Money managers are optimistic about equity returns in 2014 but still have concerns about intermediate-term government bonds and world growth, according to a survey by consulting firm Towers Watson.
The 128 money managers surveyed by the firm in November and December also said governmental intervention is a very significant concern for them over the next five years, and inflation, global economic imbalances and financial instability are among the most important issues they face in 2014.
Matt Stroud, head of investment strategy, Americas, said one of the more surprising results of the survey was money managers believing their clients would take on much more risk in 2014. Forty-four percent said their clients would be very aggressive or moderately aggressive in taking on risk, compared to 34% in the previous year's survey.
“Valuations aren't bad but they're not as a good as they were,” Mr. Stroud said in a telephone interview. “Here we have managers as a group saying they expect their clients to take on more risk. It's very interesting to see how powerful sentiment is there.”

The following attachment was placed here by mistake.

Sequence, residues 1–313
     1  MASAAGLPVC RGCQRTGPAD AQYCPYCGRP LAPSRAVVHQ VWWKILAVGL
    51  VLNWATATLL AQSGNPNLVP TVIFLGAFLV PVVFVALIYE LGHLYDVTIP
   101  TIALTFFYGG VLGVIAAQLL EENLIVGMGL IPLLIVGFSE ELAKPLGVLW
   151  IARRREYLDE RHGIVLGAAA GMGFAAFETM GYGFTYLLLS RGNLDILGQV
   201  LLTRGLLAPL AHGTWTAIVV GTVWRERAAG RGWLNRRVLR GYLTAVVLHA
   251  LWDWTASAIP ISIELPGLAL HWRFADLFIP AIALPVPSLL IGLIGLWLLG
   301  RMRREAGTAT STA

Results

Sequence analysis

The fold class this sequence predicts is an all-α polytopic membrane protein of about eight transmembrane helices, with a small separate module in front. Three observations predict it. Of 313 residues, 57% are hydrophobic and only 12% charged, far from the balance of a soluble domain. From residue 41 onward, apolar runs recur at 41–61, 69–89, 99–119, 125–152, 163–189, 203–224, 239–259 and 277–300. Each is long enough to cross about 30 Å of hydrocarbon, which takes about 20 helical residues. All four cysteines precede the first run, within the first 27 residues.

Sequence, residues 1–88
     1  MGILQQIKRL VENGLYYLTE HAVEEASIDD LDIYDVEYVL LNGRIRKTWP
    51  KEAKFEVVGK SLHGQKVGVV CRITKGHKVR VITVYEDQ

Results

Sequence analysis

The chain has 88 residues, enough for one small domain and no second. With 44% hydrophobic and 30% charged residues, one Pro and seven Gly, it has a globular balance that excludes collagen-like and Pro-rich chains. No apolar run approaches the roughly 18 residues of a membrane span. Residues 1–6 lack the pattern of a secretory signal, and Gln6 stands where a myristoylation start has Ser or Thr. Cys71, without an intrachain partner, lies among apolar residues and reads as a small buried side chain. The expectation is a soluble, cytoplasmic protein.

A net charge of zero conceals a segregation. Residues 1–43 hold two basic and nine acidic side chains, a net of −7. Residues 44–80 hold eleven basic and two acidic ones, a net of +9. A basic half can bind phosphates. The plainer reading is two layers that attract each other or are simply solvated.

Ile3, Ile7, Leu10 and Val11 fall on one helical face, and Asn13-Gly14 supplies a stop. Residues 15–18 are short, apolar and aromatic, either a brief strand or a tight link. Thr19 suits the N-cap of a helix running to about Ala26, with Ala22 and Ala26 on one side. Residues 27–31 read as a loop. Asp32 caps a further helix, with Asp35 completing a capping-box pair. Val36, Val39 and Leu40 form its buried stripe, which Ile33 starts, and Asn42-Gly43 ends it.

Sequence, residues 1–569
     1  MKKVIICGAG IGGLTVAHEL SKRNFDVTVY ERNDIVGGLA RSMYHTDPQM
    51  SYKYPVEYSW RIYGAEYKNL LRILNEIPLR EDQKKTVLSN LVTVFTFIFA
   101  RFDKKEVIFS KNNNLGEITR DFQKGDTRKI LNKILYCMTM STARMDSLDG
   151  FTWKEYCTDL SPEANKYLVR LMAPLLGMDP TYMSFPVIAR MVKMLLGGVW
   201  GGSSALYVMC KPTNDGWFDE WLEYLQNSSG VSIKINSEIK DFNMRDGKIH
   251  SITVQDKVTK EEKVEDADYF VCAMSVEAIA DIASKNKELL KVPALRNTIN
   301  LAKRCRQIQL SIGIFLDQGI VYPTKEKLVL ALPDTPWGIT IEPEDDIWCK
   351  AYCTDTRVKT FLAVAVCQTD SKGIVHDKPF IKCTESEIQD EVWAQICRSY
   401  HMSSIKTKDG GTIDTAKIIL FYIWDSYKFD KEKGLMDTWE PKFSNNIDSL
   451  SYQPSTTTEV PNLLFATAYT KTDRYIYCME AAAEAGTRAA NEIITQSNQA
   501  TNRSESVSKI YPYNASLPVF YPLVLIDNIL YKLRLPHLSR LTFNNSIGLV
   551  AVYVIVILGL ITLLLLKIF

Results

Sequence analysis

Overall, the managers surveyed believe there will be mild growth, with the exception of the eurozone. Equity markets in 2014 are also expected to perform better than in 2013, with the exception of the U.S. and China. Managers expect equity returns averaging 6.9% in the U.S. this year, compared to an expectation of 7% in last year's survey.
Eighty-one percent of managers surveyed remain bearish on government bonds, compared to the 80% expecting the same in the 2013 survey, while 78% remain bullish on public equities, the same as the previous year.